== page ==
Paula told Sam to not let other people tell him what he can and can’t do. She told him that if you know you can do it for yourself, and you believe, you can do it. She then asked the pair if she could pray with them, which they accepted.
Before turning to leave, she gave them her business card, in case they wanted to keep in touch, and told them they could get more information from the hospital. Later that night, Sam and Lindsay stopped by the nurses’ station and showed them the card. Nobody at the hospital knew who Paula was. They had never heard of her.
Sam came walking away from the encounter convinced that Paula was an angel sent from heaven.
“She’s never ever left either one of our thoughts,” Lindsay said.
“Paula is out there somewhere in Pittsburgh, and we don’t know where she is. But she made an impression on our lives that she’ll never ever know.”
‘I’m still here’
This summer, the Hanover Exchange Club named Sam their 2020 Tommy Laudani A.C.E. Award recipient. The award, which stands for “Accepting the Challenge of Excellence” was named after Laudani, a 2018 Delone Catholic grad who battled for more than two years against a rare and aggressive form of cancer called desmoplastic small round cell tumor.
Tommy died from the disease a few months after graduating from Delone.
The honor isn’t lost on Sam.
Both boys battled against childhood illnesses, fighting for the chance to pursue their passions. For Tommy, that meant working to make a successful return to the cross country course. Sam recognized the striking similarities in what they both had endured - and what they both had achieved.
“He was a fighter, he was a warrior,” Sam said after reading about his story.
“I wish I could have met him in person.”
Along with a plaque commemorating the award, Sam received a scholarship for more than $2,600 to put toward his education.
Out of all the pain that has entered into the Zimmerman’s lives, positives can be seen everywhere.
“It was almost like it was meant to happen in order to make me open my eyes like this and think different from others and different perspectives,” Sam said.
“Not many people (in my situation) can walk or talk or anything like that. That’s why you got to be appreciative with what you have and who you are.”
That appreciation extends to his parents, family members and friends, who have supported him from the beginning.
Lindsay said it’s also made her a more patient and grateful person.
“It takes a lot to get me mad because as long as I’m not getting a phone call telling me that I need to make final arrangements, it’s a good day.”
“I was going to have to leave him back in Pittsburgh if he didn’t make it because we had to move out (to Hanover) two years ago. I don’t have to go and visit him every year on his birthday and wonder what could have been, because I get to see what is.”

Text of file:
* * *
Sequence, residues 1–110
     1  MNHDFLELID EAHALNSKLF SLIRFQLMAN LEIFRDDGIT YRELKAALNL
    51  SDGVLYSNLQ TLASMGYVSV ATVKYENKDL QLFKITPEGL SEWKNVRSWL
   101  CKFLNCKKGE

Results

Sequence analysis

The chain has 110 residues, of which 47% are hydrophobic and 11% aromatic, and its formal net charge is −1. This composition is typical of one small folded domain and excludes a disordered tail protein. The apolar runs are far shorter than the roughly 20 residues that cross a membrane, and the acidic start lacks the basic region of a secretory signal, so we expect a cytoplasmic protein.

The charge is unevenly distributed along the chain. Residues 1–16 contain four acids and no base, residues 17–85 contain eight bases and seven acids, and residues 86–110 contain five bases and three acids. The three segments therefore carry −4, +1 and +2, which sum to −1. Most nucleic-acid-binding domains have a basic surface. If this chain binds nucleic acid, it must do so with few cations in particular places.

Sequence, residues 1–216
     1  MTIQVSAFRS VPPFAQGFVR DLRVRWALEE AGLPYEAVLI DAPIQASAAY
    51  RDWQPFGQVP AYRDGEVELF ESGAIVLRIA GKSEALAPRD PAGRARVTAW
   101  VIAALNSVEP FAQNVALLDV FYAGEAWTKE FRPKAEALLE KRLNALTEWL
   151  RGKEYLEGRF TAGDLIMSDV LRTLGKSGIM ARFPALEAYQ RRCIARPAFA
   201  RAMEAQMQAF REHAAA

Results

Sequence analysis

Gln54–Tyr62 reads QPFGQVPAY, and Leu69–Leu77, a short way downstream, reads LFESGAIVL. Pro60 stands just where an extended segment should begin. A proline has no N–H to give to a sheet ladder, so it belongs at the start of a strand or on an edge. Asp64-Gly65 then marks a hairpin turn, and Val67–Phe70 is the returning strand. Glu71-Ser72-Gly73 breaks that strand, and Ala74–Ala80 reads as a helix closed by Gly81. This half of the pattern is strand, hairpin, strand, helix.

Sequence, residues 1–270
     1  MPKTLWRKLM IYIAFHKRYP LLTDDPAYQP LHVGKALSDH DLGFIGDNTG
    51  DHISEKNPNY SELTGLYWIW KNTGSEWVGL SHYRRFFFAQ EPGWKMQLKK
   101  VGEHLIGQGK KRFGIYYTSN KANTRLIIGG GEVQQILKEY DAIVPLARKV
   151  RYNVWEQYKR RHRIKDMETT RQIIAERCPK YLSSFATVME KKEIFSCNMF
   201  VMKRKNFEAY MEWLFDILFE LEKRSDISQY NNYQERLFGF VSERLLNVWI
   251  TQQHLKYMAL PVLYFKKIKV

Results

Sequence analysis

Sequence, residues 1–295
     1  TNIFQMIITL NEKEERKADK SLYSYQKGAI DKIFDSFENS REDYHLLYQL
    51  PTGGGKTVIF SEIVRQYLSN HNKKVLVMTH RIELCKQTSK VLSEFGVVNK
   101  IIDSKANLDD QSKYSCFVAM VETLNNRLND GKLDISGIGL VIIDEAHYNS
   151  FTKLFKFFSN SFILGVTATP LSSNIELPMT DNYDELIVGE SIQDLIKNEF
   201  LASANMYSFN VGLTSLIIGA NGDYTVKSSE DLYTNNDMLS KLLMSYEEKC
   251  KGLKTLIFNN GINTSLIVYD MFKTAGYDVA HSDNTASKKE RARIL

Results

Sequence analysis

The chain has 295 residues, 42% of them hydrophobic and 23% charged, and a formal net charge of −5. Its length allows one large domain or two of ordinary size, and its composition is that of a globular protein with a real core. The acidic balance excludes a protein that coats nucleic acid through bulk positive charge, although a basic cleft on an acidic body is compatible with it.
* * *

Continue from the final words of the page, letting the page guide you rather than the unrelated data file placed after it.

A plan for the future
Sam hung up his skates and retired from his hockey career earlier this year. But as one chapter in his life was coming to a close, another was just beginning.
About a year ago, his older sister, Autumn, sent him a 40 minute-long video of an inspirational speaker. He watched it straight through and then played it back two more times.
He knew he found a new calling in his life - to share the hope of his life story with as many people as he could.
He started writing and sharing positive and inspirational messages on his Instagram (@the.animal.motivation) and Snapchat (sam_zim20) accounts. He has been applying to every speaking opportunity he finds and had been accepted to speak at a TED event this past spring before it was canceled. He’s also currently in the process of writing a book, which will detail his life experiences while incorporating his positive messages throughout.
In late August, Sam reached another milestone in his life when he started his first semester at Thaddeus Stevens College of Technology. He’s studying mechatronics and has already been able to share his story with one of his new classmates, who he learned has also undergone their own medical battles.
One of the key messages he emphasizes is to not treat others differently.
“I have a dent in my head for the rest of my life, but it doesn’t make me different from who I am as a person,” Sam said.
“Other people may have other medical issues, but it still doesn’t make them different from you or me.”
One day hopes to be able to return to his alma mater and speak to students, but his biggest goal is to be able to share his inspirational messages with millions.
“Wake up every morning being happy - your heart is beating, your brain is functioning, you’re able to be there, and you’re around the people you love. You have this beautiful gift of life.”
Information from: The Evening Sun, http://www.eveningsun.com